Fire Ants found in middle Tennessee

Are there fire ants in middle Tennessee and Murfreesboro?

Fire AntsI am asked frequently if fire ants are found in middle Tennessee.  The short answer to that question is Yes!  The first documented case of imported fire ants in Tennessee was back in 1987 in Hardin County.  Since then, the fire ants have been spreading across the state at a rapid pace.  Each year since 2001 when we started The Bug Man, we have seen increased activity and had increased customer calls requesting fire ant control.

Fire ants have been found in the Murfreesboro, Smyrna, and Christiana this past week and they are active!  We have sited them at local parks and sports complexes, in the median strips in parking lots, and even while out camping this past weekend in Oliver Spings, Tn.  The imported fire ants are taking over at a rapid pace.

Fire ants are easy to locate, look for the mounds

Imported fire ant nests are easy to locate once they are built.  The ants build large mounds in the soil that can be over a foot tall and two feet wide.  The nests can extend into the ground up to 3 feet and spread out a few feet past the width of the visible nest.  Please, Do NOT disturb these nests.  A typical nest can have between 80,000 and 250,000 stinging ants in the colony!  Keep children and pets away, as the fire ants are dangerous when defending their nest.  When a fire ant nest is disturbed, all of the ants surface and begin to attack and sting any intruder.  They will climb up a stick or other device that was used to disturb the nest and sting the one holding it.  They will also swarm your feet and climb your legs, and sting!  The resulting stings will cause puss-filled blisters and will last few days to weeks.  This is not fun.  Growing up in Florida, I know personally what it feels like to be stung repetitively by fire ants.

If you find imported fire ant mounds when out around town, please leave them be.  If you locate them on you property, it is best to have them eliminated for the safety of your children and pets.  This can be done professionally by The Bug Man or you can visit a local store and purchase products to do-it-yourself.  If you choose the do-it-yourself option, please be sure to read and follow all label directions and be sure to wear your personal protective equipment.  Be safe!  I am including a link here to the University of Georgia that discusses in more detail the fire ants and the how to control them.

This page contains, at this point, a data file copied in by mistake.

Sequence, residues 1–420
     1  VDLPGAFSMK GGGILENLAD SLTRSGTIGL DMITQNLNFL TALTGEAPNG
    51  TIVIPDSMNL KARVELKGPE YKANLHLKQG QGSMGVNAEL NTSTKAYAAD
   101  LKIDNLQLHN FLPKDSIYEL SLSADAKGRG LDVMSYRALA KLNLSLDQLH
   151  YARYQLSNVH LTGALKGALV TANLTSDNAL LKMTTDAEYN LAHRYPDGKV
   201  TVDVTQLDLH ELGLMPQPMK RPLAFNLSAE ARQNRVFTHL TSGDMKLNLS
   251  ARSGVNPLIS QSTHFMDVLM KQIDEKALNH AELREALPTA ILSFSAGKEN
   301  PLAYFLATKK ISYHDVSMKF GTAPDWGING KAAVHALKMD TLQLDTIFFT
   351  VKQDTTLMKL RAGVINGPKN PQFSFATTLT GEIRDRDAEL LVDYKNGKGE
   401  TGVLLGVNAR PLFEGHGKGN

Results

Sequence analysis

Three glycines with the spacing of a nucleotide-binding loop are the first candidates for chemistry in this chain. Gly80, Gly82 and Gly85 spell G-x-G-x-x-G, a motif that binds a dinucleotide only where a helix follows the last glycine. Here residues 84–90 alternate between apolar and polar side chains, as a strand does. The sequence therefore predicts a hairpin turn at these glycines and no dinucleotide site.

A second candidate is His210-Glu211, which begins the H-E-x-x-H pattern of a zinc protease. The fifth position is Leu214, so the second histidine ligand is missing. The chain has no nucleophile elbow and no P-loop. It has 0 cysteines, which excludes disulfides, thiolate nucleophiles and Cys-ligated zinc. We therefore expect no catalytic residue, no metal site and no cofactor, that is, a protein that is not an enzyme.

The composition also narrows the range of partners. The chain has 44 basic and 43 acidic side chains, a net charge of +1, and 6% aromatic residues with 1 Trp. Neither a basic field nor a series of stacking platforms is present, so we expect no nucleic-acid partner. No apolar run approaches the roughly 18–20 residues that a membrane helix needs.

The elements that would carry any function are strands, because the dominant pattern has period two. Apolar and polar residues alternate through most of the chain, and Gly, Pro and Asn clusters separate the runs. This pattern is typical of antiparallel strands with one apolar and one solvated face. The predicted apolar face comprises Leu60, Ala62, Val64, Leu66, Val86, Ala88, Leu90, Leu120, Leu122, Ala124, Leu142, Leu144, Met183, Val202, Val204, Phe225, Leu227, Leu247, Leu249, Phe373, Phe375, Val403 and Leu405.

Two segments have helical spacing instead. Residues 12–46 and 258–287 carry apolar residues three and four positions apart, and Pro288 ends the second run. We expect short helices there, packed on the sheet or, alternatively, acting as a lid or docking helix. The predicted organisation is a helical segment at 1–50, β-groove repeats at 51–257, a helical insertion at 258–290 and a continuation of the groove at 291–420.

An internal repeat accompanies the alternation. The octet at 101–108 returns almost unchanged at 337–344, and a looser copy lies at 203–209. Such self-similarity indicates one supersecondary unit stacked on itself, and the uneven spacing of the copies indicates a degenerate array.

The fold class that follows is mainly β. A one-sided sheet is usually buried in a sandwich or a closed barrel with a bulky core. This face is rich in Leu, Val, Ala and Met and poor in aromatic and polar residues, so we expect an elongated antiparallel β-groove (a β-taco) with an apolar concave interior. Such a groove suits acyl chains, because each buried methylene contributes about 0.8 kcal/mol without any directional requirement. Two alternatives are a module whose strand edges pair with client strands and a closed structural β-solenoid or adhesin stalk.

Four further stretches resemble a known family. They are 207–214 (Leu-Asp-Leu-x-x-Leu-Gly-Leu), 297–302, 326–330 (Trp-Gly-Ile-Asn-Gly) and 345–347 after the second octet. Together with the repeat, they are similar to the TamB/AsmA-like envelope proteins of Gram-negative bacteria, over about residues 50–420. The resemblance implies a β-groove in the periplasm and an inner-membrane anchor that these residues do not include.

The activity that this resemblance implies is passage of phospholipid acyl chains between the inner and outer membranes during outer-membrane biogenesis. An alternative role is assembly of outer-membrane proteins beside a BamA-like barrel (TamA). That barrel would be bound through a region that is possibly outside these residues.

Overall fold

The video below shows what a typical fire ant nest looks like and how active they become once the nest is disturbed.  We do not recommend disturbing a fire ant nest.

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The Ants are Marching in Murfreesboro

It seems that almost everyone who calls us this week says that the ants are marching in a big way through Murfreesboro and the rest of middle Tennessee. Even for the professional like The Bug Man, ants can be the most challenging pest to control. But, with thorough training and know-how even the trickiest ant problems can be resolved with a little patience.  Ants marching in Murfreesboro

What Causes the Ant Invasions??

Ants are very weather sensitive insects. During periods of heavy rain or, the opposite, abnormally hot and dry weather the ant colonies will move to the indoors. Why? Because their homes have either become flooded or else they lack food and/or water. They are very much like us, those pesky ants. When we understand why they react to certain situations then we can usually solve the problem pretty quickly.  Lately, we have had a lot of rain and the temperatures have been getting nice and warm. So, the ants have been quite active!

Late spring and early summer is the time of year when you can expect to see swarming ants in the Murfreesboro and middle Tennessee area. If you see a swarm inside your home then chances are that the colony is somewhere in or under the home. You will want to get that taken care of quickly before the problem gets worse. However, they should not be a problem if you only see them outside. If they are a nuisance around porch lights then consider turning them off or else use a yellow outdoor light. Ants will find the yellow light less attractive.

So Many Ants, So Little Time…

Carpenter, Odorous, Pharaoh, Imported fire, Pavement, Yellow, Acrobat & Little black ones, too. Yes, these are all various species of ants found in Tennessee. Why is that important to know?  Identification, my friend. One of my favorite entomologists, Dr. Austin Frishman, would ask the following questions: 1. What is it? 2. Why is it here? 3. How can I solve the problem for my client NOW? and 4. What are the long-term solutions?  When we know the answers to these questions then we can solve the ant crisis. So, save some of these little creatures for your pest control technician!! Specimens are very helpful in solving the big ant puzzle.

Ants in a Potted Plant in Murfreesboro, TN